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QCLs epi-structure

VIGO Photonics’ Epi-house offers top-quality MOCVD epitaxial growth of a full range of Quantum Cascade Laser structures – we have a long track record of developing designs for numerous wavelengths and applications. To ensure highest growth precision, our epitaxy service includes specially designed calibration methods and a wide portfolio of characterization tools. Thanks to the utilization of multi-wafer MOCVD reactors, the QCL epi-wafers production at VIGO is easily scalable to even very large volumes.

Features of VIGO’s QCL epi-structures:

  • High precision of chemical composition (+/- 0.1 %)
  • Exact control of layers thickness (+/- 0.1 nm)
  • Optimization of the interfaces abruptness
  • Low impurities background ≤1E14/cm3
  • High repeatability within wafers of the same run and between runs
  • High flexibility in applying compounds of different compositions InAlAs, InGaAs and AlAs in the same heterostructure
  • High yield and production capacity

Figure 1. Example of a strain-balanced QCL InGaAs/InAlAs heterostructure. Number of periods 30-70.

Preparation of VIGO’s QCL epi-structures

In QCL structures, the compounds composition and layer thicknesses play a key role in tuning the laser emission wavelength. VIGO’s structures are grown using AIXTRON 2800G4 MOCVD horizontal laminar flow reactor, with the capability of growing epi-layers with exact thickness both within wafer-to-wafer and batch-to-batch comparison. Figure 2. presents a TEM image of a QCL structure’s active region grown by VIGO.

VIGO’s QCL epitaxy process is performed on InP:S (100) substrates at 12 x 2”, 3” or 4” diameter configurations, with 30-70 periods (or even more) of various strain-balanced InAlAs/InGaAs layer sequences sandwiched between thick InP waveguides. The development requires careful measurement of layers thicknesses below critical values. Example of an X-ray diffraction measurement result of strained InGaAs and InAlAs layers is shown in Figure 3.

Structural and electrical properties of epitaxial layers are characterized by X-ray diffraction (XRD), high-resolution secondary ion mass spectroscopy (HRSIMS), optical microscopy (DIC), atomic force microscopy (AFM), transmission electron microscopy (TEM), scanning electron microscopy (SEM), Hall and electrochemical capacitance-voltage technique (ECV).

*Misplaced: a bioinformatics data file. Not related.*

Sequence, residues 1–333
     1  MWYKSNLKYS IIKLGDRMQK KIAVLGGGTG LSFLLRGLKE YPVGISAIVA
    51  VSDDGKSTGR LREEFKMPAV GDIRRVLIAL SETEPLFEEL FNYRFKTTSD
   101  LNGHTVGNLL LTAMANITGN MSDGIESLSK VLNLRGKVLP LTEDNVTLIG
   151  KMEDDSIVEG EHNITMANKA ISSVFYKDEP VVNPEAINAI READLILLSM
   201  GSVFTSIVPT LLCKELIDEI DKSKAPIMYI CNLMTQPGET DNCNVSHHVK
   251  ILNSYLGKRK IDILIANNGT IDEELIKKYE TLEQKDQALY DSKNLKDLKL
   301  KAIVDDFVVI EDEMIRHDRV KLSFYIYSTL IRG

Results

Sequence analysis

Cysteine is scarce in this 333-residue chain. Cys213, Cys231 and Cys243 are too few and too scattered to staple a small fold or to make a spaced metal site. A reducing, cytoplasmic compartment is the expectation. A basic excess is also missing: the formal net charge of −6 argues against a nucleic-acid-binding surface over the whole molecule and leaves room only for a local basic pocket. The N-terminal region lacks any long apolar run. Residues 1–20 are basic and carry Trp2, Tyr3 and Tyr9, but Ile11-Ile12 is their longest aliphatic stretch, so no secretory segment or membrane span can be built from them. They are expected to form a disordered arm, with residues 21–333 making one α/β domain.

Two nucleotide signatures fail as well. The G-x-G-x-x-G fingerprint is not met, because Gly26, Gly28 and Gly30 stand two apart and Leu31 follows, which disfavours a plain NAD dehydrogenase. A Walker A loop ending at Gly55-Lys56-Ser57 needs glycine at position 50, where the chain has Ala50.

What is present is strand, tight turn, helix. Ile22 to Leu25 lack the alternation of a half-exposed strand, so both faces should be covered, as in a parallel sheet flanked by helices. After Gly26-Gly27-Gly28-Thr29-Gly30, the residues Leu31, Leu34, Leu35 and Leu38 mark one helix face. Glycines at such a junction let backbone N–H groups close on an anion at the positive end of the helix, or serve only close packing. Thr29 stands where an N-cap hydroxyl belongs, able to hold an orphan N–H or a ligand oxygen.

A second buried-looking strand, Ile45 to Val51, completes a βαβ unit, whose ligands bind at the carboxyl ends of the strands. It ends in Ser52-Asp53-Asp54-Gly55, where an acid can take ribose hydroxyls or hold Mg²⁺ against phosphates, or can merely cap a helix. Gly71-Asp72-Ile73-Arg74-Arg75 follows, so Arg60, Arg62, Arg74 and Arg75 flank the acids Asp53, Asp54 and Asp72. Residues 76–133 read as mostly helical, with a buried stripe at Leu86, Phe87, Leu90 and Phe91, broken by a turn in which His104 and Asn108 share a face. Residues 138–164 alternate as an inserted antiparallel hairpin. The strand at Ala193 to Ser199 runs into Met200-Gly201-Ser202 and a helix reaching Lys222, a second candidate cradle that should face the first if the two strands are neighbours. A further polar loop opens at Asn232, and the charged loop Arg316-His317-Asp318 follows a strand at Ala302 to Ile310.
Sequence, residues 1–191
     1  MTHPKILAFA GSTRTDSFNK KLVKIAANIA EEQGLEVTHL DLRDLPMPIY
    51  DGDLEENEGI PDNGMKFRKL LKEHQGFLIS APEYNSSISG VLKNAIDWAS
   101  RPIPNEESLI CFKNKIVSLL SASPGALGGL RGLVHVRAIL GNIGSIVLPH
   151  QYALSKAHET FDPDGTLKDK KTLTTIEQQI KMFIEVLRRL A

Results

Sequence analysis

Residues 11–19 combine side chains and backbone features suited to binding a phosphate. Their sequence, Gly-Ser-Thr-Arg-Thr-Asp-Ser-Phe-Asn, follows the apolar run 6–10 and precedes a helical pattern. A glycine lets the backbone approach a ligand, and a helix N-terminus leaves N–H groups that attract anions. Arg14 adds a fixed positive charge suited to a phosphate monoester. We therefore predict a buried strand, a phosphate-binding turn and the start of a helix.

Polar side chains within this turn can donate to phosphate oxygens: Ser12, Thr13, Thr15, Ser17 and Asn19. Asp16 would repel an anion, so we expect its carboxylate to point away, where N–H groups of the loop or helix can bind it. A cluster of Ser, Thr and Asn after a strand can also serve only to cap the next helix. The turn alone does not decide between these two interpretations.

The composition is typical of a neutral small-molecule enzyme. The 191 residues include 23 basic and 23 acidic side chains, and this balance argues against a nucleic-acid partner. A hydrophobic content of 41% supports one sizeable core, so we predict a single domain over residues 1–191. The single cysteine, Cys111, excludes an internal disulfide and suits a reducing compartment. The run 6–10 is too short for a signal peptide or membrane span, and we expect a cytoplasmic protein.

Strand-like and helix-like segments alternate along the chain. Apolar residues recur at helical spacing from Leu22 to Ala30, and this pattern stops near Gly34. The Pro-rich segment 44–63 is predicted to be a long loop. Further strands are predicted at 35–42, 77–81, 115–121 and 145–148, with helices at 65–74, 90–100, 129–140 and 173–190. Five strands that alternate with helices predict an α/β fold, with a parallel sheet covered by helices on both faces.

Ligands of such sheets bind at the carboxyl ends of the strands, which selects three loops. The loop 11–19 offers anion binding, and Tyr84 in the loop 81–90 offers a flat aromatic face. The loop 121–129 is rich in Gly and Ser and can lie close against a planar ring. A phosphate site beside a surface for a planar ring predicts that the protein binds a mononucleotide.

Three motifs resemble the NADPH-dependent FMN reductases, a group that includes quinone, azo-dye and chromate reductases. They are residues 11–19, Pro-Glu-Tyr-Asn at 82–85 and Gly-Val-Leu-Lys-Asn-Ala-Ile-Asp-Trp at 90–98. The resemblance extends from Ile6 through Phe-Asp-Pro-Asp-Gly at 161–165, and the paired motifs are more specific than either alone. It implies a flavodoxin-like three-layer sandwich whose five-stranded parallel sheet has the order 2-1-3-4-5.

Figure 2. Example of a QCL epitaxial structure with TEM measurement of strain-balanced InGaAs/InAlAs sequences.

Figure 3. XRD measurement of very thin InGaAs and InAlAs lattice-mismatched and fully strained layers.

Fabrication challenges

Proper preparation and maintenance of the reactor involves deposits control on sensitive graphite susceptors. Paying attention to geometry and positioning of the main rotating planet and satellites is of similar importance. Negligence in any of those activities may lead to worse properties of wafers even within the same run.

In QCLs, the key device parameters such as optical transition energy, wavelength, and electron transport are determined by the epi-structure design. Any discrepancy between the parameters of the grown layers and the specification leads to non-acceptable wavelength change, optical power decrease, shorter lifetime or even no lasing. VIGO’s growth process control results in high crystallographic quality of the semiconductor structure, low impurities background, optimum interfaces abruptness, and stable chemical composition in the several-nanometres strain-balanced InGaAs/InAlAs layers. Such control enables device operation at the expected wavelength and with desired optical power. Figure 4. shows an XRD measurement results of 50 periods of super-lattice obtained in the subsequent growth runs, which proves that high repeatability of layers thickness is possible to achieve in a large epitaxial reactor such as 2800G4.

One of the greatest challenges that VIGO has dealt with is a growth of more than a thousand layers (with a total thickness of more than 10 μm) at the same stable growth rate and – in consequence – with a very well-controlled thickness and composition of each layer.

Figure 4. XRD measurements and theoretical simulations of strain InGaAs/InAlAs super-lattice.

Production of QCL epi-structures requires technology of growing epitaxial layers with mirror-like surface morphology, which can be achieved through carefully optimized growth rate, temperature, reactor pressure, III/V ratio, gases switching sequences, substrate quality and misorientation, as well as impurities incorporation efficiency. A good quality QCL structure is characterized by periodic inequalities. The theoretical scheme of such material property and AFM examination of a QCL structure with 70 periods and 4.5 μm InP waveguide on the top are shown in Figure 5.

Figure 5. AFM surface inspection of a strain-balanced InGaAs/InAlAs QCL epi-structure.